Read Unfaded Glory Online

Authors: Sara Arden

Unfaded Glory

In Glory, Kansas, a fairy-tale wedding has local tongues wagging. But through this false engagement, can a wounded warrior and the woman he's protecting find true love?

Byron Hawkins doesn't want to be responsible for anyone ever again. The former Black Ops soldier is better at taking lives than saving them. But on a mission in Tunisia to deliver a package to safety, Byron is dismayed to find that the precious cargo is actually a hostage rescue, and that his orders are to take Damara Petrakis back to US soil and hide her in plain sight—as his newlywed wife.

Back in Byron's hometown of Glory, Kansas, petite, fierce Damara keeps surprising him; she may be royalty, but she's fully trained in martial arts and will sacrifice anything for her country. As the town rallies around the returning hero and his bride-to-be, he's finding that it's way too easy to play the part, and after the hell he has seen, that terrifies him. Byron didn't want another life to save, but the passionate beauty he's sworn to protect might just turn the tables and save him instead.

Dear Reader

Thanks so much for coming back to the world of Glory. This book isn't so much about small-town life as it is the things we learn from the family of community. How it makes us stronger than we know, holds us up even when we let them and ourselves down. This book is about learning to forgive ourselves and finding one's true place in the world, and best of all, being able to give and receive love knowing you're worthy of it. That seems like such a simple thing, an obvious thing, but for a lot of us, it's not. It's something we have to learn, something that has to be proven to us time and again, as our hero and heroine learn.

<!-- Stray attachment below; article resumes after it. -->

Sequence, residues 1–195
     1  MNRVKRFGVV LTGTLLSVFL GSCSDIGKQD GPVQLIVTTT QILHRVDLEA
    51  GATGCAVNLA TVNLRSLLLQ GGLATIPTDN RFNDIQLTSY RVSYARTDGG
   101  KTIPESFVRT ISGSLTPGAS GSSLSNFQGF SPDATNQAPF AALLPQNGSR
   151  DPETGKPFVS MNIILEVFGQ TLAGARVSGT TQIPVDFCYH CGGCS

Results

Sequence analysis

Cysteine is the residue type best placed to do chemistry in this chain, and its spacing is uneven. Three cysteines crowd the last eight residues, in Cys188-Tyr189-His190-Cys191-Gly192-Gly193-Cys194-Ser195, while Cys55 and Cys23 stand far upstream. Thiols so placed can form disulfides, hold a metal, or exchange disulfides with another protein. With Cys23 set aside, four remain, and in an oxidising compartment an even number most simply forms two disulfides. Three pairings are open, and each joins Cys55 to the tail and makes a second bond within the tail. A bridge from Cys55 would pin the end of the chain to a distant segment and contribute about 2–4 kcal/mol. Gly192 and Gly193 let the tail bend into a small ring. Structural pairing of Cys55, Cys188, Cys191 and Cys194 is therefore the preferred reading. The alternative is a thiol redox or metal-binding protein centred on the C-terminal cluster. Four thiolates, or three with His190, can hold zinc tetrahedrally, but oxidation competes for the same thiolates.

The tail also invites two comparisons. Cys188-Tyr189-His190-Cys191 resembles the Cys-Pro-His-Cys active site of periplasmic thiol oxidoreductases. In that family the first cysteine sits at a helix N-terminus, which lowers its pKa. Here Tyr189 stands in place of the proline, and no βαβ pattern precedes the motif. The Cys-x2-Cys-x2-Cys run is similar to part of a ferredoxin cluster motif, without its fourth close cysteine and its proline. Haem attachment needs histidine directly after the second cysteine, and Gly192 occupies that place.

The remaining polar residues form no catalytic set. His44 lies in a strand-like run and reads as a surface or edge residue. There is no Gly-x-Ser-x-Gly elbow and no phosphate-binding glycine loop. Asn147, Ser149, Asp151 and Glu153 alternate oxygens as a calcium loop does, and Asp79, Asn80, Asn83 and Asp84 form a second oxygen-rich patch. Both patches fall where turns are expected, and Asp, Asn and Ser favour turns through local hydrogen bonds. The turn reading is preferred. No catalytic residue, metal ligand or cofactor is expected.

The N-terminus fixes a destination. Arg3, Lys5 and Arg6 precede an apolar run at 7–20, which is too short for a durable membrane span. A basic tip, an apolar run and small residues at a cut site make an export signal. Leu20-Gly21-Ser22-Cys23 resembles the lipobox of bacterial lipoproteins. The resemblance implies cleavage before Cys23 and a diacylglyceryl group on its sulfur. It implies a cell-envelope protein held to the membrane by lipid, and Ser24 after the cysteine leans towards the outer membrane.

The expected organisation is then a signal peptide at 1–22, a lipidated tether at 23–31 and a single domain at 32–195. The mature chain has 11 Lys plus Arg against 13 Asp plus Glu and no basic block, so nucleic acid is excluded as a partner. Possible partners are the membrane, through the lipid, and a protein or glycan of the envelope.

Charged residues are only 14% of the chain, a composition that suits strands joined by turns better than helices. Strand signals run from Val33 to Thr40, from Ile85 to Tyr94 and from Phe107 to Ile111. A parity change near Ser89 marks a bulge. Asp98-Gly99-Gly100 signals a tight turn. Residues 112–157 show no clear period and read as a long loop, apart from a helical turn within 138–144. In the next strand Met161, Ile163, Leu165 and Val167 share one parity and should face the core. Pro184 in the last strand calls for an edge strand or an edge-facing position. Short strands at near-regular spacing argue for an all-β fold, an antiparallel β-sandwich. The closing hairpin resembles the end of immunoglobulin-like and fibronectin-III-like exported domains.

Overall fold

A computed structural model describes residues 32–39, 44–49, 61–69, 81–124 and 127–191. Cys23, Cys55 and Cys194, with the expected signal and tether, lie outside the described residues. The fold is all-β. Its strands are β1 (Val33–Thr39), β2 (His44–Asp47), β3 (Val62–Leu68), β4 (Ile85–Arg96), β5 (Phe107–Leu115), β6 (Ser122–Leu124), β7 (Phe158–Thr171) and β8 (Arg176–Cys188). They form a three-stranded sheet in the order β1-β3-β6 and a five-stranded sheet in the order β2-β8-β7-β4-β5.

I enjoyed making this journey with Damara and Byron, and I hope you do, too.

Much love,

Sara Arden

Unfaded Glory

Sara Arden

For Nicolase Mallat
and things both spoken and unspoken.


an earworm.

Most people got them at one point or another—a Top 40 hit they couldn't escape, a catchy ad jingle, a children's song heard one time too often. A bit of auditory flotsam that's busywork for the brain, a refrain that plays over and over.

Byron had such a loop, but he wasn't lucky enough to have anything as innocuous as the last song he'd heard on the radio. He had the screams of his team as they died.

Their terror and pain was always with him whether it was a damning whisper or a roar that sounded like the army of hell.